I want to love the Kinect. I really, really do. It’s red eye seems to beg for attention every time I fire up one of my XBox 360s, I have an old school one with an upgraded hard drive when Kinect was an addition and I have the beautiful Star Wars one, a white console with a white Kinect daring dust and grubby hands to touch it. When I get on with my controller and start playing a game Kinect always gives me the opportunity to wave at it if I want and say hi, but most times if I do I find a game that will soon be relegated to a shelf until the day I either discover a place that gives me a good price for a near mint near-miss game or I have a garage sale and pass disappointment on to someone else’s household. Don’t get me wrong there, have been a couple of decent ones out there, I really recommend the Yoostar series even if they never fixed the clipping issues (if you guys do I will be one happy ham handed pseudo movie star) because being clipped into a movie, tv show or music video badly is still a hell of a lot of fun, especially at a party. But others leave me frustrated and cursing like old school comic strip characters with #@$% over my head, unable to get the Kinect to read the proper gestures causing me to give it inappropriate gestures (hence why I stopped playing the Kinect games at store displays in front of children). So when I got a copy of Dragon Ball Z For Kinect I put it aside until I was in the mood to really mess with lighting, distance and probably frustration. I try to go in objective, I really, really do, but hope has become a limited resource with Kinect for anything but chatting and Netflix.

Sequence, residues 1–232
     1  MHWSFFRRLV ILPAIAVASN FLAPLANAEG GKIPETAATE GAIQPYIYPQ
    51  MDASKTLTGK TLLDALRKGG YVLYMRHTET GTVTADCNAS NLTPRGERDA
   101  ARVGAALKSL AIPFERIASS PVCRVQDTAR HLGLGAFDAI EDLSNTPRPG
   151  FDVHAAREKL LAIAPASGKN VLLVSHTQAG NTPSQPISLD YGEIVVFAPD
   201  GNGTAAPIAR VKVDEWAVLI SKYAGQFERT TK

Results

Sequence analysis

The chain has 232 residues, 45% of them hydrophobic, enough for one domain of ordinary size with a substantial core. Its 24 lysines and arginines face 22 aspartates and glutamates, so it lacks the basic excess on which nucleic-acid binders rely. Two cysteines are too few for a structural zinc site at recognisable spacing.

This isn’t so much a storyline as the chance to fight famous foes complete with cutscenes then unlock them to use in a different mode. It does tell a loose story and the special feature actually tells some great Dragon Ball Z lore but when it comes down to it it is really about fans of the series getting to fight the characters they love to hate.
Graphics and Sound:
This is pretty vital to a game of this type because the goal usually needs to be to make the graphics nothing like the cartoon series it is based after or identical to them, mixed equals muddled. Luckily this is like playing episodes of the show from a first hand perspective with third person cutscenes with animation identical to the cartoons. The voices are great (American style, not the original Asian voice style, deeper pitch) and match the sounds and music all fit nicely together to make a great experience for fans of all ages.
This is where Kinect game reviews usually go awry and so I am happy to say this one is MUCH better than most. Mapping positions and movements are usually awkward and clunky but it this case it does an excellent job responding and reading movements. I’m 6’5″ tall with really broad shoulders so reading certain moves are just going to be insanely difficult with a one position view. When it came to blocking enemy attacks I almost never got it to read, which caused some frustration though it’s completely understandable, with my arm build the meat of my biceps completely block out the location of my hands when I put them up for the blocking gesture. A person with normal arm proportion would have no problem being read and I think any of the issues I had with the game would be resolved with a normal physique. Giving this consideration I was extremely pleased with the body mapping and game response. When I put my hands to one side in a holding-a-ball position I had the pleasure of watching a magic ball build there and when I thrust that movement forward the ball flies at the enemy with a very reasonable response time.